learning rate

  • Panagiotis Toulis and Edoardo Airoldi and Jason Rennie

    Statistical analysis of stochastic gradient methods for generalized linear models (pdf)

    We study the statistical properties of stochastic gradient descent (SGD) using explicit and implicit updates for fitting generalized linear models (GLMs). Initially, we develop a computationally efficient algorithm to implement implicit SGD learning of GLMs. Next, we obtain exact formulas for the bias and variance of both updates which leads to two important observations on their comparative statistical properties. First, in small samples, the estimates from the implicit procedure are more biased than the estimates from the explicit one, but their empirical variance is smaller and they are more robust to learning rate misspecification. Second, the two procedures are statistically identical in the limit: they are both unbiased, converge at the same rate and have the same asymptotic variance. Our set of experiments confirm our theory and more broadly suggest that the implicit procedure can be a competitive choice for fitting large-scale models, especially when robustness is a concern.

  • Yevgeny Seldin and Aleksandrs Slivkins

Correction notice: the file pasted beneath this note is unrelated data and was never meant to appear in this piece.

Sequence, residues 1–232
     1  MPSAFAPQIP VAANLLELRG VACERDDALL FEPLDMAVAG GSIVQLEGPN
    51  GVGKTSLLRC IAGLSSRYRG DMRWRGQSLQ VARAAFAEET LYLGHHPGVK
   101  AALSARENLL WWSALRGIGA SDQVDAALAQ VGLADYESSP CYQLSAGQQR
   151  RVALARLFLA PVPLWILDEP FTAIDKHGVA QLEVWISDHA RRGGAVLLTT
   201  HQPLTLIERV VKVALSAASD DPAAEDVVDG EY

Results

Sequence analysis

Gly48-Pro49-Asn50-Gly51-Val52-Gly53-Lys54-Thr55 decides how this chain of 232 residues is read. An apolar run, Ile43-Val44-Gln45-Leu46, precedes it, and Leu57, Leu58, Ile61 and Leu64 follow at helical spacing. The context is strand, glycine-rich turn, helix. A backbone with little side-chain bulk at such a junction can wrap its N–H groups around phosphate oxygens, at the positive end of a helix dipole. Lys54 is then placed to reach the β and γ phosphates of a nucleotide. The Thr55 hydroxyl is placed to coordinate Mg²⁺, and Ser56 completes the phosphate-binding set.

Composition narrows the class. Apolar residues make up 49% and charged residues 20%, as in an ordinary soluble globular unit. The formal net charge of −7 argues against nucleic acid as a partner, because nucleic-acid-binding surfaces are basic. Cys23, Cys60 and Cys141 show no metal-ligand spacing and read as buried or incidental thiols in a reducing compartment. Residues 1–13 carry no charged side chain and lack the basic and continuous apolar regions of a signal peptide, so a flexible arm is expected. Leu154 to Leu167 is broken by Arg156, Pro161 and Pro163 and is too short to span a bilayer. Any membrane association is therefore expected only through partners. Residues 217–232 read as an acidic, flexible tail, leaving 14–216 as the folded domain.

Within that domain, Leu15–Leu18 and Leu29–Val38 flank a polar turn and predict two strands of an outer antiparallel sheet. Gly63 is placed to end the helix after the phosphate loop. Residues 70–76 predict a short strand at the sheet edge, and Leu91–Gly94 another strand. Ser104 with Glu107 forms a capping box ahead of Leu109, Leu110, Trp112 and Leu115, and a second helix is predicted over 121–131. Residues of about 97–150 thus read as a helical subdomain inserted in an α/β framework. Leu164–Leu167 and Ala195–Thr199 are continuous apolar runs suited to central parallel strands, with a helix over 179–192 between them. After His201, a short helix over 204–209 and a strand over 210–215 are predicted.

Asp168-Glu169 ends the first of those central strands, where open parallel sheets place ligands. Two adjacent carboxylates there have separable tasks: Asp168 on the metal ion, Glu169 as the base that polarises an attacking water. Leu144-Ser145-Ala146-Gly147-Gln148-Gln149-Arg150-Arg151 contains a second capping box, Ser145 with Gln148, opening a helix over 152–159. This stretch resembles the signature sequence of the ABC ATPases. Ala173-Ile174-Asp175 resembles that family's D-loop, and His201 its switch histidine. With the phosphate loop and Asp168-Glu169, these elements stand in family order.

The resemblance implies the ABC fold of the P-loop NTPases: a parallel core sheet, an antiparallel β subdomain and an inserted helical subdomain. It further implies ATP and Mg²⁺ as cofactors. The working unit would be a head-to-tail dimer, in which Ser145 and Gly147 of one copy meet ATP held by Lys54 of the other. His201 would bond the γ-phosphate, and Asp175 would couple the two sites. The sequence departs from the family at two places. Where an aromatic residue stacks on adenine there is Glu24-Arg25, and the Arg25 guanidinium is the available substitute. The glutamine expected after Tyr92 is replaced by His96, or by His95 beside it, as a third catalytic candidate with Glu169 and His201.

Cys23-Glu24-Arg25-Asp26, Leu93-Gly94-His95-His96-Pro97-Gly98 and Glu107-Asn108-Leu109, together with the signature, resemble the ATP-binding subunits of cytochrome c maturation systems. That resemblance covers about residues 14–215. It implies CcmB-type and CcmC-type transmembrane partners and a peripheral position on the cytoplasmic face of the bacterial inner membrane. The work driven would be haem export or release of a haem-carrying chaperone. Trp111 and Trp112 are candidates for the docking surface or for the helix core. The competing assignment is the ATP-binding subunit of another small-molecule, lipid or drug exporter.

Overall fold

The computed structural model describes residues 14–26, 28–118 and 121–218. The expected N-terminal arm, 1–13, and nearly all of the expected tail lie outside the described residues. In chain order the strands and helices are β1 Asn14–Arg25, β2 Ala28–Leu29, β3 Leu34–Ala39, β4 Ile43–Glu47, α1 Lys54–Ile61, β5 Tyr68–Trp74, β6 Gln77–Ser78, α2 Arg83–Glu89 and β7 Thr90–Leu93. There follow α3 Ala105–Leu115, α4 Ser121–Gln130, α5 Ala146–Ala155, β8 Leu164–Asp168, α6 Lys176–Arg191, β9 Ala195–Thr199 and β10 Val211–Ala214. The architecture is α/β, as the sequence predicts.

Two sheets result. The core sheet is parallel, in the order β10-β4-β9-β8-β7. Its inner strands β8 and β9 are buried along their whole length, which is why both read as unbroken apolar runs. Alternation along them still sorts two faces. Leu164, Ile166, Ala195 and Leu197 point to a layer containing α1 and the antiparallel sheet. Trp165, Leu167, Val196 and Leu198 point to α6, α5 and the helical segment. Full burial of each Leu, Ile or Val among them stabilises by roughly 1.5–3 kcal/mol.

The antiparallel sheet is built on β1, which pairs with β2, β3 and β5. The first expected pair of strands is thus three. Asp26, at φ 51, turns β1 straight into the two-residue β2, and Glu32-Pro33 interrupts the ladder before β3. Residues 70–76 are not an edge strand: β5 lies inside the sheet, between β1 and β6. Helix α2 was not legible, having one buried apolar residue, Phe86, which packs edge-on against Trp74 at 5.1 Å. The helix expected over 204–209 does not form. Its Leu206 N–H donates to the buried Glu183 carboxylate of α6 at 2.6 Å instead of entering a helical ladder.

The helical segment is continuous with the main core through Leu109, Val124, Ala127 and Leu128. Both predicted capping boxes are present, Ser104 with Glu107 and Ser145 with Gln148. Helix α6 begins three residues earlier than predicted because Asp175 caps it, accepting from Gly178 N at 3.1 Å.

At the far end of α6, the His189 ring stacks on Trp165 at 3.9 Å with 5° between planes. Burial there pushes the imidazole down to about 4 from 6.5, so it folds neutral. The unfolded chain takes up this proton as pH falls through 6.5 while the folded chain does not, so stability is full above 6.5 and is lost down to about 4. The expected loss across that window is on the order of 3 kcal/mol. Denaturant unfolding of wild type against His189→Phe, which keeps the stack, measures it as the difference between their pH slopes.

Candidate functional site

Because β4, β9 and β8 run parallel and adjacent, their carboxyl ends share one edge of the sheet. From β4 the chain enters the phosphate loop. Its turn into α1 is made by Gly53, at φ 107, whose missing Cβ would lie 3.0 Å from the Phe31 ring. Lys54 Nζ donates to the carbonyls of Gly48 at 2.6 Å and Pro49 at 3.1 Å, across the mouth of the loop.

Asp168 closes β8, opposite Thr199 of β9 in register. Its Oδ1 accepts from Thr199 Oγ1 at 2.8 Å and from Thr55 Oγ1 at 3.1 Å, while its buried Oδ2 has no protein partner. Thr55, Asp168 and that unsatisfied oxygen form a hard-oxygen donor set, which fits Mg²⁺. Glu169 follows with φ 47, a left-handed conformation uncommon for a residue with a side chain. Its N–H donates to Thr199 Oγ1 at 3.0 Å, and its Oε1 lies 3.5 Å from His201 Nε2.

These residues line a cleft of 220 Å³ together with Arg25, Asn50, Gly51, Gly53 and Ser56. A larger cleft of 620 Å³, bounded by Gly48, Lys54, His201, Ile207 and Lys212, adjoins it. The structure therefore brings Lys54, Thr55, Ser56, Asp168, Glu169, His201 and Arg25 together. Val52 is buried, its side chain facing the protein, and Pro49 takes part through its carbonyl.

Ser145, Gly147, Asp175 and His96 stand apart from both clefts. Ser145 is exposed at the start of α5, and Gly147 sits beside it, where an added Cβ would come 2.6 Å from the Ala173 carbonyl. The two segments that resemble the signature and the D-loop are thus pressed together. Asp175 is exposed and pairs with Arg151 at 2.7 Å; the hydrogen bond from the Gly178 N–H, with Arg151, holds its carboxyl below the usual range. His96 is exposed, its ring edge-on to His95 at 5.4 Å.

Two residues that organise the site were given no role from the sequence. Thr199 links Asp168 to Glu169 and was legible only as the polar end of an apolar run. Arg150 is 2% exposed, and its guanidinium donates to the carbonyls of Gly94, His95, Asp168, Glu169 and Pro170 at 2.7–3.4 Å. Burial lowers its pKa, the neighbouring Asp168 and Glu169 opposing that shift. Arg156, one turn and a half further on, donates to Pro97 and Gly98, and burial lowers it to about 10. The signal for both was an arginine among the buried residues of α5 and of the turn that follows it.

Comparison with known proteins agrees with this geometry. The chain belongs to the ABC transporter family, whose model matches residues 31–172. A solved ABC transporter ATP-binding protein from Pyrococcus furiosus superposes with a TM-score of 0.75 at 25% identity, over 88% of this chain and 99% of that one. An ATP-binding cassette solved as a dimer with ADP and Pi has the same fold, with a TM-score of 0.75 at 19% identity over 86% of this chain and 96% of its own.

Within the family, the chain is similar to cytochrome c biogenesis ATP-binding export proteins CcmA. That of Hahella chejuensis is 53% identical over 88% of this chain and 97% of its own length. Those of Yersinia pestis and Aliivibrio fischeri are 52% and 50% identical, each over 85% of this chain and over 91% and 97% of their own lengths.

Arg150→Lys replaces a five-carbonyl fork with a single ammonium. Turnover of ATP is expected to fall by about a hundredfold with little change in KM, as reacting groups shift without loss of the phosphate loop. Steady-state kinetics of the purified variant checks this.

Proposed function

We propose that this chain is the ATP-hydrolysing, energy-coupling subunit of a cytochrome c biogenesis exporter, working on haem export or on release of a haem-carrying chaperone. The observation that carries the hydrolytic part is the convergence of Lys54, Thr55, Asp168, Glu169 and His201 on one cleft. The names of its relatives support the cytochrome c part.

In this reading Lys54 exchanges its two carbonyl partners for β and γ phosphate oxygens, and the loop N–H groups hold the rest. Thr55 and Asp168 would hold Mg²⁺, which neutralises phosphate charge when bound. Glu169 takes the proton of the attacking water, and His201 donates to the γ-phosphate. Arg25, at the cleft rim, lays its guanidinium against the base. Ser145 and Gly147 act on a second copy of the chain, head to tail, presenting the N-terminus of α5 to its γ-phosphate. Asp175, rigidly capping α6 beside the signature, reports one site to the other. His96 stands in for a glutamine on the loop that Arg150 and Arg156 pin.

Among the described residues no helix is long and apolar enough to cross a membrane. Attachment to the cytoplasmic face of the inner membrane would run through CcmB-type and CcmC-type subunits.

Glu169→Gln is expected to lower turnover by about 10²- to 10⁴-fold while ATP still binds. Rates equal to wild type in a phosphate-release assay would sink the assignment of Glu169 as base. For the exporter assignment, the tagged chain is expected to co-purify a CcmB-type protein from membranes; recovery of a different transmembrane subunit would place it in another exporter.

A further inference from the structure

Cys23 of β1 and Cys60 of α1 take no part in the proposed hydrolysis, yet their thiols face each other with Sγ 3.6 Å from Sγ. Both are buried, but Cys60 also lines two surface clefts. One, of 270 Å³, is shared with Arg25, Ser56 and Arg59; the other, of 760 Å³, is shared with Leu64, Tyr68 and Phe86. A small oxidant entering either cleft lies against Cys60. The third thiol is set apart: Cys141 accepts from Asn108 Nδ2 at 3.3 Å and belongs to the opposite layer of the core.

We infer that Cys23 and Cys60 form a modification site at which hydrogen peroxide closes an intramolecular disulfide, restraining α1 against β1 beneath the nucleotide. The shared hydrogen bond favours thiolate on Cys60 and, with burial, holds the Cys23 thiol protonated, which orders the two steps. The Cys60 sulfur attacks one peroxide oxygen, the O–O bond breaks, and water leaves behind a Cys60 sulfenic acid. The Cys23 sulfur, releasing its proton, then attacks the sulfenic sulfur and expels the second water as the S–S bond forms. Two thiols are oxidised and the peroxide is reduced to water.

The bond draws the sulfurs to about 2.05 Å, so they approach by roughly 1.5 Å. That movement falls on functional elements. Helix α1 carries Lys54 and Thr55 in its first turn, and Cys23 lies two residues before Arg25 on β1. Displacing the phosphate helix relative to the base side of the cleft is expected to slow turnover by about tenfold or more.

One Practical Algorithm for Both Stochastic and Adversarial Bandits (pdf)

    We present an algorithm for multiarmed bandits that achieves almost optimal performance in both stochastic and adversarial regimes without prior knowledge about the nature of the environment. Our algorithm is based on augmentation of the EXP3 algorithm with a new control lever in the form of exploration parameters that are tailored individually for each arm. The algorithm simultaneously applies the ``old'' control lever, the learning rate, to control the regret in the adversarial regime and the new control lever to detect and exploit gaps between the arm losses. This secures problem-dependent ``logarithmic'' regret when gaps are present without compromising on the worst-case performance guarantee in the adversarial regime. We show that the algorithm can exploit both the usual expected gaps between the arm losses in the stochastic regime and deterministic gaps between the arm losses in the adversarial regime. The algorithm retains ``logarithmic'' regret guarantee in the stochastic regime even when some observations are contaminated by an adversary, as long as on average the contamination does not reduce the gap by more than a half. Our results for the stochastic regime are supported by experimental validation.

2013-2014 ICML | International Conference on Machine Learning